Using a primary key field is a simple method of preventing the duplication of records in a table. Access requires that you specify a primary key if you want to create a one-to-one relationship or to update two or more tables at the same time. (Chapter 11, "Creating Multitable and Crosstab Queries," covers this subject.)
The primary table participating in relationships that you set with the Relationships window must have a primary key. Access considers a table without a primary-key field an oddity; therefore, when you make changes to the table and return to Design view, you might see a message
that you haven't created a key field. (Access 2000 and later asks only once whether you want to add a primary-key field.) Related tables can have primary-key fields and often do. A primary-key field is useful for preventing the accidental addition of duplicate records.
You can create primary keys on more than one field. In the case of the HRActions table, a primary key that prevents duplicate records must consist of more than one field. If you establish the rule that no more than one type of personnel action for an employee can be scheduled for the same date, you can create a primary key that consists of the EmployeeID, ActionType, and ScheduledDate fields. When you create a primary key, Access creates an index based on the primary key.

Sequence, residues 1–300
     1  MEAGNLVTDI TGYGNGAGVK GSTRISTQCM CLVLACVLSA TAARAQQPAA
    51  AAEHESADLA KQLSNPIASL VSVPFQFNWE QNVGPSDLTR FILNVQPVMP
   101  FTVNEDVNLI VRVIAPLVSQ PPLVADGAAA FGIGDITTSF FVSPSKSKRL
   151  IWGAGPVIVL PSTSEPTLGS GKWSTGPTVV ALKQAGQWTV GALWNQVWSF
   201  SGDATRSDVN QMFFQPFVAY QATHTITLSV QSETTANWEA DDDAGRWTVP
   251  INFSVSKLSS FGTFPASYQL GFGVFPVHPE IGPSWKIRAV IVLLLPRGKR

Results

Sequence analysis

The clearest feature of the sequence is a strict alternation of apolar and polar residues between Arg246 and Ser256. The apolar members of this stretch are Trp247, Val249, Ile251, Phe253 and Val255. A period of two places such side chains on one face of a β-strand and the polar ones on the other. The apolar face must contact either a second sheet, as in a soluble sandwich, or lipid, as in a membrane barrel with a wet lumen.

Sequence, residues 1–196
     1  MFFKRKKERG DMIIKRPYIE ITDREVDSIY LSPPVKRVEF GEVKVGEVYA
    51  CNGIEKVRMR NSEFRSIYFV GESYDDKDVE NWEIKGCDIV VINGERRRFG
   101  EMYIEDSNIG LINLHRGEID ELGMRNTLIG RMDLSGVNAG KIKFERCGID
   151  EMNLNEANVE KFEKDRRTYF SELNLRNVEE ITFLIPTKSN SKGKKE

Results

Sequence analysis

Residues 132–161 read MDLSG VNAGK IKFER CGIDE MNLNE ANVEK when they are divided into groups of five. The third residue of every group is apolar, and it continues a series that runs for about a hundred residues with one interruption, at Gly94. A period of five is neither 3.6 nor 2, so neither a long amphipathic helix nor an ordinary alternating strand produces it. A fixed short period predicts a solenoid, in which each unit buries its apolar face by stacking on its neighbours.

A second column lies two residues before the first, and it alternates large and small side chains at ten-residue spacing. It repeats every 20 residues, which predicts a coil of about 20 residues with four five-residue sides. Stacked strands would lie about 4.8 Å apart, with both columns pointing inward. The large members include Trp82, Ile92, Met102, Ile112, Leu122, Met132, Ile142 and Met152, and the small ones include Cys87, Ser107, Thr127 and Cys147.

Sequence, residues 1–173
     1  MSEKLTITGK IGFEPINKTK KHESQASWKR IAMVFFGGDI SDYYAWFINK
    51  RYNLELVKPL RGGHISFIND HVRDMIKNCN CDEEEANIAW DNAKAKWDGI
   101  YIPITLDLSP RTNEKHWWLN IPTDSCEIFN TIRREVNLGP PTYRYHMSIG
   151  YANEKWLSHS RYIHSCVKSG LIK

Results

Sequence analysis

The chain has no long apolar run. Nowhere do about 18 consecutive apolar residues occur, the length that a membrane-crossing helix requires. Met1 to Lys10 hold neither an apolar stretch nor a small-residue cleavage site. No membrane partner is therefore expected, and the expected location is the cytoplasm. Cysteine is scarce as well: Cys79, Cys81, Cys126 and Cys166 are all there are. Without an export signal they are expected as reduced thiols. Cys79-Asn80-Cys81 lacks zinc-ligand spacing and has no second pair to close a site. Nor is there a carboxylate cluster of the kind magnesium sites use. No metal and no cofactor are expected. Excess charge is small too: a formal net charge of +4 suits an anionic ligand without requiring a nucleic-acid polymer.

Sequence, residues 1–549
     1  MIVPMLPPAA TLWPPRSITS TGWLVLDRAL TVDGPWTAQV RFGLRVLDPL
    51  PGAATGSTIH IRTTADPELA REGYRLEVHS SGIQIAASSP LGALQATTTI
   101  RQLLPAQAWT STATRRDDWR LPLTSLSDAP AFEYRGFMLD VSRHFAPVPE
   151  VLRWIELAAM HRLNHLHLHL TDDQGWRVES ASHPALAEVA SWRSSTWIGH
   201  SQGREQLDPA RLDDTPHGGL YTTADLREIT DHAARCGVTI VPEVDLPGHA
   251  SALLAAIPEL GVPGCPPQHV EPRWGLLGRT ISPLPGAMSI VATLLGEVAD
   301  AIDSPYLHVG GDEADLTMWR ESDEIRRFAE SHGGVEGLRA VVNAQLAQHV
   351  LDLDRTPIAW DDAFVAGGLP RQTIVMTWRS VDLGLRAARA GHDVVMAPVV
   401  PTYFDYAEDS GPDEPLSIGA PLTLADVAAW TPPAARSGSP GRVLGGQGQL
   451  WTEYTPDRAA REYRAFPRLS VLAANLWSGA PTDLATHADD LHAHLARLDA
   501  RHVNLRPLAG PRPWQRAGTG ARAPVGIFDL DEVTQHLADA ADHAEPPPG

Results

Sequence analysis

To create a multiple-field primary key, called a
composite primary key
, and a primary-key index for the HRActions table, follow these steps:
Open the HRActions table in Design view.
Click the selection button for the EmployeeID field.
Ctrl+click the selection button for the ActionType field. In most instances, when you Ctrl+click a selection button, you can make multiple selections.
Ctrl+click the selection button for the ScheduledDate field.
Click the Primary Key toolbar button. Symbols of keys appear in each previously selected field, indicating their inclusion in the primary key.
To verify the sequence of the fields in the primary key, click the toolbar's Index button to display the Indexes dialog shown in Figure 5.30. Access automatically added the first EmployeeID index, which duplicates the Primary Key index on the EmployeeID field.
Figure 5.30. The three fields of the HRActions table's composite primary key have indexes. You can delete the extra EmployeeID index.
To delete the extra EmployeeID index, select the index row and press Delete.
Close the Indexes dialog, and press Ctrl+S to save your table design changes.
You now have a multiple-field primary key and a corresponding index to the HRActions table that precludes the addition of records that duplicate records with the same primary key value.
Adding Indexes to Tables